How does a guy with a love for hip-hop and no prior studio experience end up becoming an audio engineer with one of Winnipeg, Manitoba’s most promising hip-hop collectives? Just ask Recording Connection
grad Darryl Theissen.
It was Darryl’s desire to plug into the music industry that led him to the Recording Connection. “I really wanted to be just involved in music,”
he says. “I thought this was a good way to break into the industry, in that way…I don’t have a lot of connections to any sort of music scene at all. So I entered the program and saw it as more of a way to get my start.”
Darryl was placed with producer/engineer Len Milne at Bedside Studios
in Winnipeg, and despite his lack of experience, he says his mentor helped him find his way. “I didn’t know anything,”
says Darryl. “He just kind of took it really slow with me. He was really nice and kind of explained different amps, different preamps, microphones, just very basic to start off with.”
That’s not to say Darryl wasn’t thrown into the thick of things; in fact, he recalls getting his hands on the gear the very first day. “He got me in there hands-on right away, which is something that I really enjoyed,”
he says. “I remember my first day, he had a guitar track and he was about to edit it, and he said, ‘Hey, can you edit this?’ I was sitting behind the desk, and he was behind me for the first five or ten minutes just to make sure I wasn’t making any mistakes. But then after those five or ten minutes, he was like ‘Okay, you’ve got the hang of it.’ Then he kind of just went off to the side, and he was still keeping an ear on me, but I was making most of the right calls. Every once in a while he would be like, ‘Check that again,’ and I fixed it up.”
Besides shadowing his mentor on sessions, Darryl also got to connect with other producers who came to Bedside to record. “I got to watch a couple different producers do different genres of music,”
he says. “It was very interesting, because everyone has their own way they’re going to do things, their own process. That’s when I started thinking, I gotta start thinking of what my process is.”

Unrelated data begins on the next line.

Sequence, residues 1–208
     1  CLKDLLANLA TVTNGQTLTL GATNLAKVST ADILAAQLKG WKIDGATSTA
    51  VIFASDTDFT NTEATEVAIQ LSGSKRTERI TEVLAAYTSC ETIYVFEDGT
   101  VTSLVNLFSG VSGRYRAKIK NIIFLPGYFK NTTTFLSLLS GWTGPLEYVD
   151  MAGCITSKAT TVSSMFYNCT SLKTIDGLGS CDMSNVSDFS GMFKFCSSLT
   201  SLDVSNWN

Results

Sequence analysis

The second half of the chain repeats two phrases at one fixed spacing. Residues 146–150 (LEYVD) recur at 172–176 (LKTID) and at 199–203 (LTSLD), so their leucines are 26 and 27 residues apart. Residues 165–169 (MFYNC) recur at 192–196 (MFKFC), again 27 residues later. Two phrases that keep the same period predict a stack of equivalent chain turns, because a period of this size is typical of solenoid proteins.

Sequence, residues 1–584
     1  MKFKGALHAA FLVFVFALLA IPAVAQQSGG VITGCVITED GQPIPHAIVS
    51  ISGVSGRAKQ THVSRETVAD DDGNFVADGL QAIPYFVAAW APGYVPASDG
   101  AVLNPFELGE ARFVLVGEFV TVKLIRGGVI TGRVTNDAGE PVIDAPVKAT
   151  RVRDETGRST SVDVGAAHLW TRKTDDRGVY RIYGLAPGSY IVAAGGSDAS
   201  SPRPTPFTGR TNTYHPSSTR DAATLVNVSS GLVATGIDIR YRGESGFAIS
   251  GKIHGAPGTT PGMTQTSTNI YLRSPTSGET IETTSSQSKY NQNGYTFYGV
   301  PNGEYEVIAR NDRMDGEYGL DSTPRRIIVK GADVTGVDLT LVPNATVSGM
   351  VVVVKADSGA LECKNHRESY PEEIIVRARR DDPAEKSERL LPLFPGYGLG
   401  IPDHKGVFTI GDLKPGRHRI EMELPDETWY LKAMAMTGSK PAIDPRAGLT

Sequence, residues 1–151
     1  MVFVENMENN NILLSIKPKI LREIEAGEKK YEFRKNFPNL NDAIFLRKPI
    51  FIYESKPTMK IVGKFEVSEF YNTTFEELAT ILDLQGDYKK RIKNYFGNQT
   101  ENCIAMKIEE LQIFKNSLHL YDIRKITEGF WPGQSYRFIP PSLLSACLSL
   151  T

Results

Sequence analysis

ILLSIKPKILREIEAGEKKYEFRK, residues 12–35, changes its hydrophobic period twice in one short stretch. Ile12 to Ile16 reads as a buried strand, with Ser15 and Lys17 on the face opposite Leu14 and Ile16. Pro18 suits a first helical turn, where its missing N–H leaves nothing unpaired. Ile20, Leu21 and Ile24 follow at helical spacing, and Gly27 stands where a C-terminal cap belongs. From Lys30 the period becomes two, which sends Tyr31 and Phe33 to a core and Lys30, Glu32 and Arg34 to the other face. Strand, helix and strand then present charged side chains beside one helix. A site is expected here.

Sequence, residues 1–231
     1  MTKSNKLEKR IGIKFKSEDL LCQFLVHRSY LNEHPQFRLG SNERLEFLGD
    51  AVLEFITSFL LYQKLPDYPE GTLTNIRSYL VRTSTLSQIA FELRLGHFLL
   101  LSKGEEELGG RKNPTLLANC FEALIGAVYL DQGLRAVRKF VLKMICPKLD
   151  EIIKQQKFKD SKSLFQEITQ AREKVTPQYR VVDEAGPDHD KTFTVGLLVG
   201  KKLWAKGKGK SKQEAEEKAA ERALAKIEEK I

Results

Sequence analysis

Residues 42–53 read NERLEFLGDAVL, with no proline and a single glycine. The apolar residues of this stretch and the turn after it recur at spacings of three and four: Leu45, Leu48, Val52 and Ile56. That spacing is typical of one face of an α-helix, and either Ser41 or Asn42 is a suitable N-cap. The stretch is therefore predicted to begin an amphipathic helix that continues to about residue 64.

It was one of these connections, in fact, that helped Darryl get introduced to the Winnipeg hip-hop scene, and ultimately helped him get hired.
“Bryce Kaminski, a producer that had come into the studio while I was apprenticing there, he was actually really nice. He was just opening up a studio at the time with some of his friends, or it was actually part of a label. They were looking for an engineer…and then he asked me. And I said ‘Of course. I’d love to.’ So it lined up perfectly…right as the program ended…that’s how I kind of got introduced to a whole other group of people through him.”
Bedside Recording Studios
The label, it turned out, was YSMG
(short for “Young Successful Music Group”), an up-and-coming hip-hop collective of a number of rising stars. The group now rents space at Studio 11 in Winnipeg, where Darryl now spends lots of his time tracking for rap and hip-hop artists. His most recent project is an album for rapper Finalie,
slated for release on January 31. Darryl says he’s still learning to adapt to the needs of different artists, but he loves what he does and he loves the people he works with.
“[It’s] definitely a huge learning curve for just getting what the artist likes,”
he says. “I mostly do tracking, so it’s just trying to make the artist happy with how they’re sounding at the moment so they can get the best vocals…I absolutely love working with music and engaging with the artists and groups to hear what they want it to sound like and helping them find what they’re looking for…It’s one of those careers [where] you never stop learning.”
A few months ago, Darryl Thiessen had no industry connections and no training in the studio—just a love for music in general, and hip-hop in particular. Today, he’s doing what he loves, and is working hard toward a successful career as an audio engineer. He credits his in-studio experience for helping him get the training and connections he needed to get started.
“Working with a mentor really helped me learn what it takes to make it in the industry,”
he says. “The thing that stuck with me the most out of my time in the program would be to always pay attention to detail, because it’s the details that make a song sound professional.”
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